Saturday, January 30, 2016


Bananas in Buggy 1.jpg
Bananas as we know them today are on the point of extinction. This happened once before and the end result was the grafting of the banana we now eat.

Bananas Could Go Extinct 

by Alfredo Carpineti

Bananas are the most popular fruit in the world, but they could soon be killed off by a deadly fungus. In the last few years, a banana-killing disease has spread from Southeast Asia to the Middle East, Africa and Australia.
According to a new study, published in PLOS Pathogens, the perpetrator is called Tropical Race 4 (TR4), which originated in Indonesia in the 1960s and has now spread so widely that it’s threatening the world banana production.
In the study, they call for major investment into the breeding of new varieties of bananas and better analysis and quarantine of contaminated soils. "The current TR4 epidemic and inherent global attention should be the wake-up call for these much needed strategy changes," they said in the paper.  
This is not the first time bananas are on the verge of extinction. In the 1950s, almost all Gros Michel bananas (the main type of banana farmed at the time) were wiped out by thePanama disease, caused by the fungal pathogen Fusarium oxysporum. A new species of banana, resistant to the fungus, was introduced in the affected areas, known as the Cavendish.
Today, the Cavendish accounts for 47 percent of the entire production of bananas, and the vast majority of the bananas sold in the temperate regions of the world are Cavendish, but it is now at threat from TR4. This disease is also a strain of Fusarium oxysporum, but is produced from a different strain to the Panama disease. TR4 enters the roots of banana plants and invades the vascular system, spreading and making the plant die of dehydration.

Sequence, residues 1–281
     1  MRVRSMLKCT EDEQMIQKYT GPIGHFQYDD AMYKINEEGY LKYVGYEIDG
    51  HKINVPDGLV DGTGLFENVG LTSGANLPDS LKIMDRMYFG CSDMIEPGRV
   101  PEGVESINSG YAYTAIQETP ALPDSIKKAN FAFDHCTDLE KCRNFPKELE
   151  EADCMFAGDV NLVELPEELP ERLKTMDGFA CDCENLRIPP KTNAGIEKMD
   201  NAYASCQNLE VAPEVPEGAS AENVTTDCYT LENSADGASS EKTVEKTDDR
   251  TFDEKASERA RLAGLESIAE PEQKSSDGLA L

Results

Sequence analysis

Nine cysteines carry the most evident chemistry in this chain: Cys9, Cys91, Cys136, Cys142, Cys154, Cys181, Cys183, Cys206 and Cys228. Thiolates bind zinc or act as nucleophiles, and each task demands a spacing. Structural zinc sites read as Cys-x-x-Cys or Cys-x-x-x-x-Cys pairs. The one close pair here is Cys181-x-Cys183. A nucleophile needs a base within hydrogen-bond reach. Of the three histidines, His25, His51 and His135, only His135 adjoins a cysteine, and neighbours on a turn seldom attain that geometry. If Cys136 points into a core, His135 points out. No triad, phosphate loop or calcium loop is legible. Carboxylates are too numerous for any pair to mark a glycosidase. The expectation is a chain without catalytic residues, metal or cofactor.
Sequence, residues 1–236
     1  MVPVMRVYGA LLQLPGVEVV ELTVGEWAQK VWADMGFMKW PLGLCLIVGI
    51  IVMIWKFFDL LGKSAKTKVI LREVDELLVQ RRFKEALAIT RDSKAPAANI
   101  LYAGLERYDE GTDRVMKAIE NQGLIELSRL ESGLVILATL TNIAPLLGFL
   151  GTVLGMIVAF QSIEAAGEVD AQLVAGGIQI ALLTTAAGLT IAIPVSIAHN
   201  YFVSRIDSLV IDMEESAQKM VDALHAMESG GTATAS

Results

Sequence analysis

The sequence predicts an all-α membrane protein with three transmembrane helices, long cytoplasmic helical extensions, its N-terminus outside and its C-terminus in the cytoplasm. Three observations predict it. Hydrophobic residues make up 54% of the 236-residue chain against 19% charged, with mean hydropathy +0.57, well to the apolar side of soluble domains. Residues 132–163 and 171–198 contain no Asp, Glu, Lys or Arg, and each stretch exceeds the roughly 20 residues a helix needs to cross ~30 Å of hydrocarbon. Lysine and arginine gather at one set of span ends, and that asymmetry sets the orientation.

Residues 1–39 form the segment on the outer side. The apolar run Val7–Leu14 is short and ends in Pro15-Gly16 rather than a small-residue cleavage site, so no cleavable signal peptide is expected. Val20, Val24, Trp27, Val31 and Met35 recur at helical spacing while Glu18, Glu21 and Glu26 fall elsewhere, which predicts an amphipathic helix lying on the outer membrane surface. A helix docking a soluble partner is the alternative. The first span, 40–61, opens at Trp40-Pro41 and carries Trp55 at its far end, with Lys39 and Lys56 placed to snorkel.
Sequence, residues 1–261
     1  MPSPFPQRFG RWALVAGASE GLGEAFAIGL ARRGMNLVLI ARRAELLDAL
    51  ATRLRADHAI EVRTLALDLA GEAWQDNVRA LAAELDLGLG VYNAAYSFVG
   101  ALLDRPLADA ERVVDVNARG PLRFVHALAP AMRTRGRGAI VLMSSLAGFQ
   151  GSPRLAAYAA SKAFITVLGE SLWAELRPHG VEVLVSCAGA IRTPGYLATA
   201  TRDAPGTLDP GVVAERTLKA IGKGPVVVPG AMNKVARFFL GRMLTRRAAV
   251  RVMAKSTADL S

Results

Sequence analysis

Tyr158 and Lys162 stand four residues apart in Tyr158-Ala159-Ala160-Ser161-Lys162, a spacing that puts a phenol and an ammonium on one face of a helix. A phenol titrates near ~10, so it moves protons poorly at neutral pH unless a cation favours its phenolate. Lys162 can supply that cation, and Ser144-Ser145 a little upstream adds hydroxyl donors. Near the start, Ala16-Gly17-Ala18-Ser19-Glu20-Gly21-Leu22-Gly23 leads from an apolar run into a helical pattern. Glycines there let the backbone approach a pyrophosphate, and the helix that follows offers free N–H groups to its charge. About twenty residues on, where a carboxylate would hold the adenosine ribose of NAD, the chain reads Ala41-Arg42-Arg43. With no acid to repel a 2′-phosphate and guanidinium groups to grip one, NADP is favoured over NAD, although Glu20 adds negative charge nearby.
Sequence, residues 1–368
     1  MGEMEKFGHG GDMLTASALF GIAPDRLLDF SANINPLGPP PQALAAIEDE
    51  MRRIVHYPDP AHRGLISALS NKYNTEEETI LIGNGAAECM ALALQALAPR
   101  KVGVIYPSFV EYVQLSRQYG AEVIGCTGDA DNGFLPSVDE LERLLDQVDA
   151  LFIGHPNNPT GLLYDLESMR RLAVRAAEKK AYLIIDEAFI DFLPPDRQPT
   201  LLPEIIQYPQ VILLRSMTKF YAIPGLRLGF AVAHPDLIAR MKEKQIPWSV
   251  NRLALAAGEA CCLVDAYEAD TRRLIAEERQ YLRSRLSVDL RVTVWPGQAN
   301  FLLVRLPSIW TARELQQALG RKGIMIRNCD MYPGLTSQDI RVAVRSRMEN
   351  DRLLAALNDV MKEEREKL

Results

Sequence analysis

It's difficult to breed fungus-resistant bananas. All Cavendish plants are clones, exact copies of each other, and so are the Gros Michel plants. If an illness affects one plant, it will affect all the others. All bananas come from the careful breeding of wild bananas, until a seedless offspring is formed. This makes producing more seedless bananas easy, but opens the plant to the possibility of devastating diseases that can wipe out entire plantations.
The study doesn't quite herald the "bananapocalypse," but the scientists have looked at the evidence from around the world and highlighted that we have developed no way to stop the spread of the disease. So far, measures to destroy the fungus, such as putting infected soil or bananas in quarantine, have been inadequate and ineffective.
Banana crops are mostly produced by small-holder farms and 85 percent of the production goes to local markets. The disease could take away the livelihood of millions of peoplearound the world. Researchers think that the disease will continue to spread as long fungus-susceptible varieties are being grown.

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